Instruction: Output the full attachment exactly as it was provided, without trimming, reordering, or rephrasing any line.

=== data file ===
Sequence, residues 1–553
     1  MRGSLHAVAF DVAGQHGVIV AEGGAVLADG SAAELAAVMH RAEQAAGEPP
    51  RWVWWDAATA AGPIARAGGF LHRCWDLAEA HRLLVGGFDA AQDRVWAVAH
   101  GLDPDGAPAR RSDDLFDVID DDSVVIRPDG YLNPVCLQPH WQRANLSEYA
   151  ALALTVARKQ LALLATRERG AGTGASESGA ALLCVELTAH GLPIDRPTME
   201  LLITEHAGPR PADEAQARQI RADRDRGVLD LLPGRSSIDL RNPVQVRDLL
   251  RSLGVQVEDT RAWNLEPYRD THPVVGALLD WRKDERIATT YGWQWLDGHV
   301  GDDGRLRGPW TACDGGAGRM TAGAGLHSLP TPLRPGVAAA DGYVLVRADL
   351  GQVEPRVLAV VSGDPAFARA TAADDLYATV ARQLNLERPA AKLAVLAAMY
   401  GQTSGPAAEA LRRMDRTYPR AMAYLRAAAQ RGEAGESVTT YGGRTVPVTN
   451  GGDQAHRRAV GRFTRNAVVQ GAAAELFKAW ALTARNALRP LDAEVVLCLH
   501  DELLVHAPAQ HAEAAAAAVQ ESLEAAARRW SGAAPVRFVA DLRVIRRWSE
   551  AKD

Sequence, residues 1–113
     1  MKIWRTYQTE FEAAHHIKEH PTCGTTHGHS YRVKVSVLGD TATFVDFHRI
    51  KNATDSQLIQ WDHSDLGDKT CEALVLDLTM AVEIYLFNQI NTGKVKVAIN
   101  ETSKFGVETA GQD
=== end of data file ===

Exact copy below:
Sequence, residues 1–553
     1  MRGSLHAVAF DVAGQHGVIV AEGGAVLADG SAAELAAVMH RAEQAAGEPP
    51  RWVWWDAATA AGPIARAGGF LHRCWDLAEA HRLLVGGFDA AQDRVWAVAH
   101  GLDPDGAPAR RSDDLFDVID DDSVVIRPDG YLNPVCLQPH WQRANLSEYA
   151  ALALTVARKQ LALLATRERG AGTGASESGA ALLCVELTAH GLPIDRPTME
   201  LLITEHAGPR PADEAQARQI RADRDRGVLD LLPGRSSIDL RNPVQVRDLL
   251  RSLGVQVEDT RAWNLEPYRD THPVVGALLD WRKDERIATT YGWQWLDGHV
   301  GDDGRLRGPW TACDGGAGRM TAGAGLHSLP TPLRPGVAAA DGYVLVRADL
   351  GQVEPRVLAV VSGDPAFARA TAADDLYATV ARQLNLERPA AKLAVLAAMY
   401  GQTSGPAAEA LRRMDRTYPR AMAYLRAAAQ RGEAGESVTT YGGRTVPVTN
   451  GGDQAHRRAV GRFTRNAVVQ GAAAELFKAW ALTARNALRP LDAEVVLCLH
   501  DELLVHAPAQ HAEAAAAAVQ ESLEAAARRW SGAAPVRFVA DLRVIRRWSE
   551  AKD

Sequence, residues 1–113
     1  MKIWRTYQTE FEAAHHIKEH PTCGTTHGHS YRVKVSVLGD TATFVDFHRI
    51  KNATDSQLIQ WDHSDLGDKT CEALVLDLTM AVEIYLFNQI NTGKVKVAIN
   101  ETSKFGVETA GQD